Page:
The other major problem is that, as interest rates keep going down (as they did again last week), the real value of the interest rate goes into negative territory. The real interest rate is (essentially) the nominal interest rate minus the rate of inflation. With this negative real interest rate, commodity producers such as farmers, miners, oilers, etc., have more incentive not to sell their products, even though this hurts them in the short-term by not bringing in revenue. As a a result, the amount of supply is lowered, which, in turn, raises prices.
There is another problem mentioned in the final paragraph below; however, the primary argument remains that the Federal Reserve must take some share of the blame for rising commodity prices, whether it's oil or agricultural products, due to their continued lowering of interest rates. This argument suggests, then, that commodity prices might not begin to drop until the U.S. dollar starts to strengthen.
An excerpt from the article:
But oil—and other commodities—are the crux of the problem. In the past, economic weakness in America has usually pushed the price of oil and other commodities down. That relationship has weakened thanks to demand growth in big commodity-intensive emerging economies. But the recent surprise is that commodity prices have soared even as America’s economy has stalled and forecasts for global growth have been trimmed as well. Supply shocks are clearly part of the problem. But the fact that prices have soared across so many commodities suggests a common cause.
Could the culprit be the Fed? Advocates of this idea point to two channels. First, by slashing real interest rates, the Fed has encouraged speculation in commodities by reducing the cost of holding inventories. Second, by pushing down the dollar, Fed looseness is pushing up the price of dollar-denominated commodities.
Jeff Frankel, a Harvard economist, has long argued that low real interest rates lead to higher commodity prices. When real rates fall, he points out, commodity producers have more incentive to keep their asset—whether crude oil, gold or grain—in the ground or in a silo, than to sell today. Speculators, in turn, have more incentive to shift into commodities. There is no doubt that commodities have become an increasingly popular investment category—in fact they bear many of the hallmarks of a speculative bubble. But inventories for many commodities, particularly grains, are unusually low.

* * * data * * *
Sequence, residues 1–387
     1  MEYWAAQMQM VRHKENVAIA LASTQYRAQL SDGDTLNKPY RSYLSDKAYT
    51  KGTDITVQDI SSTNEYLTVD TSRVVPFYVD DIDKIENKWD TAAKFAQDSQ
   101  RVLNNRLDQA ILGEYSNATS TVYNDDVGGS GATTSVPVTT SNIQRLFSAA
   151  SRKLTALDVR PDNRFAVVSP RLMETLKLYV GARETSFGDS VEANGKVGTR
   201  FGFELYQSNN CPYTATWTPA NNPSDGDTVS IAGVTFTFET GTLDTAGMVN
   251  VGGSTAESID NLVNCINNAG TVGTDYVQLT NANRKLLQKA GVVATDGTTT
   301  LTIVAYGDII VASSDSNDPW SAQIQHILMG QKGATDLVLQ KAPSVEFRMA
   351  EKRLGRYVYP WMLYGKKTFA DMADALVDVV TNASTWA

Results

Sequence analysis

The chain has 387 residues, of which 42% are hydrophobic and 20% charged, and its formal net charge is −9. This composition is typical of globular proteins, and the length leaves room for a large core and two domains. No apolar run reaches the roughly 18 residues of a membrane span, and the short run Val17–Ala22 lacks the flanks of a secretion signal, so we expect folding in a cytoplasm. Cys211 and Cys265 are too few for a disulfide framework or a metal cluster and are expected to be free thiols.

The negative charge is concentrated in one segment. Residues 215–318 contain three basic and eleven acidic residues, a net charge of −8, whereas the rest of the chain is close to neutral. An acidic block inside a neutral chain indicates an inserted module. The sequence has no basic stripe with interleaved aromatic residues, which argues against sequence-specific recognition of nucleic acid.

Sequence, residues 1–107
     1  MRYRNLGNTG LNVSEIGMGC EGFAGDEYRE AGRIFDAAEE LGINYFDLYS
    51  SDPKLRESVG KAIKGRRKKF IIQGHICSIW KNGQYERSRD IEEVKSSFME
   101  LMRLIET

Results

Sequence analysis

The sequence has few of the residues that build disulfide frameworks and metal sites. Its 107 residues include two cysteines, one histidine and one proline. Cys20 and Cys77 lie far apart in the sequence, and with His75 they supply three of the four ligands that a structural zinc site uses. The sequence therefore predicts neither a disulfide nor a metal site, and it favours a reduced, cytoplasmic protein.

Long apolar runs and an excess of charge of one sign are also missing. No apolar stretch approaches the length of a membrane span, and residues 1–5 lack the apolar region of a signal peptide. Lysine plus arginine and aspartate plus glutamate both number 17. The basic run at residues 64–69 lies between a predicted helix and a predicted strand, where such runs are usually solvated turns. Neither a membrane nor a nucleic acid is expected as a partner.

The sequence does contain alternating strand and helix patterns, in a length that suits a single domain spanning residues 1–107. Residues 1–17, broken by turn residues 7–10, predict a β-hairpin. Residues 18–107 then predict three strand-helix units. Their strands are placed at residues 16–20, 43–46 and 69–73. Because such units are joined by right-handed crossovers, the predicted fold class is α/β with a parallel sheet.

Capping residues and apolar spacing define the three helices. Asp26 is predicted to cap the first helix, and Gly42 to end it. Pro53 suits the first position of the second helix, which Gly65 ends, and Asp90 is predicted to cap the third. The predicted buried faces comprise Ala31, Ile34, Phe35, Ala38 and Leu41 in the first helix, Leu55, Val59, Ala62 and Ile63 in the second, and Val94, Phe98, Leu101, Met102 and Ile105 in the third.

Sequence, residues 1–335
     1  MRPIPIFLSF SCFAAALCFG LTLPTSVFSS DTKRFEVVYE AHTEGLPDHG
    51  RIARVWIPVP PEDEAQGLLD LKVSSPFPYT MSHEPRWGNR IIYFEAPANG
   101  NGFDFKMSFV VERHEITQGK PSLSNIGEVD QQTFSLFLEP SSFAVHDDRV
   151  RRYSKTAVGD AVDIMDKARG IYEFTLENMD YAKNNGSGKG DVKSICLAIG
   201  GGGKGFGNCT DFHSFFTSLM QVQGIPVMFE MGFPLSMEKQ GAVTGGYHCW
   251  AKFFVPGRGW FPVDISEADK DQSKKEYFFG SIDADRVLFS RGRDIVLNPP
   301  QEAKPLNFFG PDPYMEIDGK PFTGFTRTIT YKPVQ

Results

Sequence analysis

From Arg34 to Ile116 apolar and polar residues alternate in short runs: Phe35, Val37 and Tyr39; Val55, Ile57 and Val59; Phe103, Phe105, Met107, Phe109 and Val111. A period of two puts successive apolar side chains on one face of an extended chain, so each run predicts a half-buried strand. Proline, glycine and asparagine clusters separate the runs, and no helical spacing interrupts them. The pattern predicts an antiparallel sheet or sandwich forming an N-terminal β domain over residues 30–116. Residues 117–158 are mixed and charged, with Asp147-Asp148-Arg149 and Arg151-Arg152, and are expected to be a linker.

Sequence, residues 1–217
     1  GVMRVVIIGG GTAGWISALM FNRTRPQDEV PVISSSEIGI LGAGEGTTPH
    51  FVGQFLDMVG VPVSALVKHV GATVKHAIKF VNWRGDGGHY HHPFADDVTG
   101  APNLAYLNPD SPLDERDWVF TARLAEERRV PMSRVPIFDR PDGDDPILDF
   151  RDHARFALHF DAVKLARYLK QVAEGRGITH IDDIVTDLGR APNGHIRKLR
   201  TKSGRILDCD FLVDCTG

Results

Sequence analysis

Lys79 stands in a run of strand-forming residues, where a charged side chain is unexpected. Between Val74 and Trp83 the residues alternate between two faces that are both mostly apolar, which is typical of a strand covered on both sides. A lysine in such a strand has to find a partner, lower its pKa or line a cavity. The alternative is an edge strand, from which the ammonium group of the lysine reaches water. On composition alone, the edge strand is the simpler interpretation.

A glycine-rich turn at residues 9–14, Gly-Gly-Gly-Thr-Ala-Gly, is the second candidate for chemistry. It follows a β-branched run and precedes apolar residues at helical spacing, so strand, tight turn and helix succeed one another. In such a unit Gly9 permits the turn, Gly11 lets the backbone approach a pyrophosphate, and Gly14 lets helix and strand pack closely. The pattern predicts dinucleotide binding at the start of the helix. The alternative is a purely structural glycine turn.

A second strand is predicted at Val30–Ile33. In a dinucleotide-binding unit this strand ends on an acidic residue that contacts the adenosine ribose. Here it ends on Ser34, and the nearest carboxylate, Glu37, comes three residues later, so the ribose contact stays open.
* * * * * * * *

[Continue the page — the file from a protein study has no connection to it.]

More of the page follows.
What about the dollar link? Chakib Khelil, president of the Organisation of Petroleum - Exporting Countries, argued this week that oil could reach $200 a barrel largely because the market was being driven by the dollar’s slide. Movements in the euro/dollar exchange rate and the price of oil have become extremely close (see chart). An analysis by Jens Nordvig and Jeffrey Currie of Goldman Sachs shows that the correlation between weekly changes in the oil price and the euro/dollar exchange rate has risen from 1% between 1999 and 2004 to 52% in the past six months.
That link is partly a matter of accounting. If the dollar falls, the dollar price of a commodity must rise for its overall price—in terms of a basket of global currencies—to remain stable. But commodity prices have risen even when priced in non-dollar currencies. And the correlation between changes in the price of oil and the euro/dollar exchange rate has risen even when oil is priced in a basket of currencies, such as the IMF’s special drawing rights.
So is the weaker dollar driving oil prices up or are high oil prices driving the dollar down? The Goldman analysts argue the latter because oil exporters import more from Europe than America and hold less of their oil revenues in dollars. A second factor lies with central banks. Because the Fed focuses on “core” inflation (which excludes food and fuel), whereas the ECB targets overall inflation, America’s central bank runs a looser policy in response to higher oil prices, thus pushing the dollar down.
Another reason to suspect that the Fed is more than a bit player is that American interest-rate decisions have a disproportionate effect on global monetary conditions. Some emerging economies still peg their currencies to the dollar; many others have been reluctant to let their exchange rates rise enough to make up for the dollar’s decline. As a result, monetary conditions in many emerging markets remain too loose. This fuels domestic demand, pushing up pressure on prices, particularly of commodities. All of which suggests that the Fed’s decisions are propagated widely through the dollar.